In April of this year, Katori Hall entered the PF In The Rough Reading Series, where she worked on her latest play The Mountaintop, which explores the arrival of a mysterious young maid to the room of Dr. Martin Luther King Jr. the evening before his death. Now, this stirring and timely play is in development at the upcoming Bay Area Playwrights Festival.
The staff of PF was surprised to discover that Katori has a personal connection to the subject, which she reveals in an exclusive PF Interview:
PF: What was the genesis of The Mountaintop?
KH: My mother grew up one block away from the Lorraine Motel. A 15-year-old mother of two, she had steered clear of Mason Temple on April 3, 1968. Her mother, Big Mama, had warned, “They gone bomb dat chuuch. You know dem folks out to kill him.” It would be the greatest regret of my mother’s life. The ominous presence of death was hard to ignore. Palpable, it was. Everyone knew it was coming. They just didn’t know when. The question of when presented itself on April 4th at 6:01 p.m. King was killed by an assassin’s bullet on the balcony of the Lorraine Motel.
My mother’s regret along with the reasoning as to why she did not go that night has always stuck with me. A native Memphian, I grew up with this history only a stone’s throw away. It is my bloody heritage. The Mountaintop follows Dr. Martin Luther King on the night after he gives this great, prophetic speech.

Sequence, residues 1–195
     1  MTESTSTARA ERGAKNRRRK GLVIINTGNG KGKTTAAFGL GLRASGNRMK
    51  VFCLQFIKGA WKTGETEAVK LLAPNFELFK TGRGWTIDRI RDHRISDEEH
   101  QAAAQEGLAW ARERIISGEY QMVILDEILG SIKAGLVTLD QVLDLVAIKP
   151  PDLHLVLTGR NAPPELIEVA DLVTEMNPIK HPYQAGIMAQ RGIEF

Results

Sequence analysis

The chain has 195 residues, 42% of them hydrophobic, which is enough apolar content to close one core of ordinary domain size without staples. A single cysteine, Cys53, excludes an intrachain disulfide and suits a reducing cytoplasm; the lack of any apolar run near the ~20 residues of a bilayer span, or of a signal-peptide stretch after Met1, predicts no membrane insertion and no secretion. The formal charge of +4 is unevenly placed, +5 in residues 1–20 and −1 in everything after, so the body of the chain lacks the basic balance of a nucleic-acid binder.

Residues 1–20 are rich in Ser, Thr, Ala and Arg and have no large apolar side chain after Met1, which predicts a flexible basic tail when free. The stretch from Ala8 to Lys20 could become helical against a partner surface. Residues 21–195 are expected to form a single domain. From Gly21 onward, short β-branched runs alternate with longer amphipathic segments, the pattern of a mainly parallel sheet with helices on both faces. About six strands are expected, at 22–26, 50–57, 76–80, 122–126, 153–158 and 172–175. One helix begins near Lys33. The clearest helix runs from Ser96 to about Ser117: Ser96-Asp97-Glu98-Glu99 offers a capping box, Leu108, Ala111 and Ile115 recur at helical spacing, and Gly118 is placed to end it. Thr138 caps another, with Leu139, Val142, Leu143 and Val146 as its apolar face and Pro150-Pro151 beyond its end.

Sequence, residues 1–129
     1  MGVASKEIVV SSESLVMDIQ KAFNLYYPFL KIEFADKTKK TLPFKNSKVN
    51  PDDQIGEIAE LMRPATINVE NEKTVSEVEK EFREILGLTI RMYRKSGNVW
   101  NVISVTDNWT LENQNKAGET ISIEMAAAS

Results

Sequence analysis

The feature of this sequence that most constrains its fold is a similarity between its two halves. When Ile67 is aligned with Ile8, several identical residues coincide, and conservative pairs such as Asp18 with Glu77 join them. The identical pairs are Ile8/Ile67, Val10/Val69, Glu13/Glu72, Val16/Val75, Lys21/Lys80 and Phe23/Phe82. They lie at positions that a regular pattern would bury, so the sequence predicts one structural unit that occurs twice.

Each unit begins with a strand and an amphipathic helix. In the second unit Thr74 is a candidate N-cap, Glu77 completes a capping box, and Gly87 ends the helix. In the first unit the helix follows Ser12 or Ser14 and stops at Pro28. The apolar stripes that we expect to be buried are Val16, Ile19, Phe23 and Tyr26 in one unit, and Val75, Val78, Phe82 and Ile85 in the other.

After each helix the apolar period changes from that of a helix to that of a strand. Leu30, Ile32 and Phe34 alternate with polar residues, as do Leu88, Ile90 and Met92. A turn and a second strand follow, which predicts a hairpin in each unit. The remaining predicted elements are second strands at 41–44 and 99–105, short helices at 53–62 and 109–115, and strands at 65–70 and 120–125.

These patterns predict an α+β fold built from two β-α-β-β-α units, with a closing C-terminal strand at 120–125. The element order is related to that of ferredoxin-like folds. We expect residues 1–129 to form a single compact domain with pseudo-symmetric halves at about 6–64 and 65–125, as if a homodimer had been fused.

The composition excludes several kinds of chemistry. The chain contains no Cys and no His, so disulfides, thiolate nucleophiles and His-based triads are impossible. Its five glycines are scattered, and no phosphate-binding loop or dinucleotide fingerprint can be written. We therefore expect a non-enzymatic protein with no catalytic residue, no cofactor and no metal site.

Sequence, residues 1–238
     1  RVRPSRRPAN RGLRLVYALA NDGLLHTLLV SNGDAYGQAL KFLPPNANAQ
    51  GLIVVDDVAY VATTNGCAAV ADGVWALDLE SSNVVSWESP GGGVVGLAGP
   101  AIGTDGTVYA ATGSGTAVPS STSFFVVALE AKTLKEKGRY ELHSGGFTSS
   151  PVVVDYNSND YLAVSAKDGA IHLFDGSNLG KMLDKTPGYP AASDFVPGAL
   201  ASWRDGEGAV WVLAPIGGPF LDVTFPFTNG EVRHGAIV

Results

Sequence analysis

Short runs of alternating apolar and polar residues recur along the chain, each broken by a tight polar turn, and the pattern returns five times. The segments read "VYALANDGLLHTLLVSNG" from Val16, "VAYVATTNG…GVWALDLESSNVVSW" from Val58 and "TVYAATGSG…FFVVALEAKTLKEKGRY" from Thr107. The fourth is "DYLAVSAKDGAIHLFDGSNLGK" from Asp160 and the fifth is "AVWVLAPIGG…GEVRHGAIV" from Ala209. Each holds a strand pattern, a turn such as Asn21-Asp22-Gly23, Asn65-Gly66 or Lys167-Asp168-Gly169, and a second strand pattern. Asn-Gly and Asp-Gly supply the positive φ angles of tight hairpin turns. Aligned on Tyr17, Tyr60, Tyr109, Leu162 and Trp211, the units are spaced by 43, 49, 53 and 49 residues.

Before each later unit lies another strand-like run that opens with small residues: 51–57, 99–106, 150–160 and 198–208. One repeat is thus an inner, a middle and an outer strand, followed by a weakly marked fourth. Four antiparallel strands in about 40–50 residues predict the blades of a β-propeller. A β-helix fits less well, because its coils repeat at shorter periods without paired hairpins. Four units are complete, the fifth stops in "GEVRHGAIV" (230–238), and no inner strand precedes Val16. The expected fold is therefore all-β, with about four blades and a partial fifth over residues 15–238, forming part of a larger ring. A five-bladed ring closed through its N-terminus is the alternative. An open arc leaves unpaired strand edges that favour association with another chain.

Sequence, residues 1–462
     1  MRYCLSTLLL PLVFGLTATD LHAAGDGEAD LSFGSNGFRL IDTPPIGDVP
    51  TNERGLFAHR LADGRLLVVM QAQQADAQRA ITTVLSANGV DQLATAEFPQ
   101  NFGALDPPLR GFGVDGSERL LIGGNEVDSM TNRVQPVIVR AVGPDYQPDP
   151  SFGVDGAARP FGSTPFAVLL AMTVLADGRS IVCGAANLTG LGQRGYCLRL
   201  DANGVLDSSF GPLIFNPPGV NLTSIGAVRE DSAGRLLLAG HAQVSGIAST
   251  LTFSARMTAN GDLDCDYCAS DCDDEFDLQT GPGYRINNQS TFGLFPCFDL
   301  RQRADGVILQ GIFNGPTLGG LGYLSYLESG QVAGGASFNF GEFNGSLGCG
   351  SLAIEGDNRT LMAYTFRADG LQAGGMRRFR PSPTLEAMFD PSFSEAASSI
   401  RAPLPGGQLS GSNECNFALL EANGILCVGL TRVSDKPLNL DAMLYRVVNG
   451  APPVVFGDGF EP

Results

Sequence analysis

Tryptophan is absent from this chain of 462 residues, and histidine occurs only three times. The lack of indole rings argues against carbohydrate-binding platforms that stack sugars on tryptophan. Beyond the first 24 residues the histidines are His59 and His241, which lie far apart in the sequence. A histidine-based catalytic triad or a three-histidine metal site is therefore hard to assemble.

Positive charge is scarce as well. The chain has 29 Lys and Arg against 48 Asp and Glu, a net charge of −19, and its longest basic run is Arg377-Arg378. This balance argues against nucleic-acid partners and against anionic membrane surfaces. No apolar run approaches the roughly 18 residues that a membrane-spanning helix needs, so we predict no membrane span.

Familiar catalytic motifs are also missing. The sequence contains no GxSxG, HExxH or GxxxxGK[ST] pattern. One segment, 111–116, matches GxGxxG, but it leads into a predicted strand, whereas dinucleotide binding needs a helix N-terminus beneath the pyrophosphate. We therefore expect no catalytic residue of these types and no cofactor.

PF: What are the challenges of re-imagining a moment in the life a real person who is so revered?
KH: I tried very much to imagine him as a human, not a God. This is the uber-American hero. A Christ-like figure to some. But I was always searching for the King, warts and all. As Michael Eric Dyson said in his recent book "April 4, 1968", "The wish to worship him into perfection is misled; the desire to deify him tragically misplaced. The scars of his humanity are what makes his achievements all the more remarkable." It's let's us off the hook to deify him. There is greatness in all of us. We all can carry on his dream.
But as a playwright I just had to imagine, "what would a human being do in those given circumstances?" This was a man whose life was constantly under fire, quite literally. His house had been bombed...he had already been stabbed. He knew he was a marked man. He always talked about his pending death, even joked about it sometimes with his advisers. A lot of people are not privy to this, but King was quite depressed those last few months of his life. He had taken up smoking to deal with the mounting stress and responsibilities of leading a movement. He was heavily criticized for leading a garbage strikers march in Memphis that had unfortunately turned violent, a young 16 year old boy named Larry Payne was killed. He was deeply troubled in a way his colleagues had never seen him after that. He came back to Memphis to do it again. He was in the midst of planning another march on Washington, his Poor People's Campaign and he was there in Memphis for the garbage strike workers because their quest for a living wage paralleled his quest for a living wage for all Americans.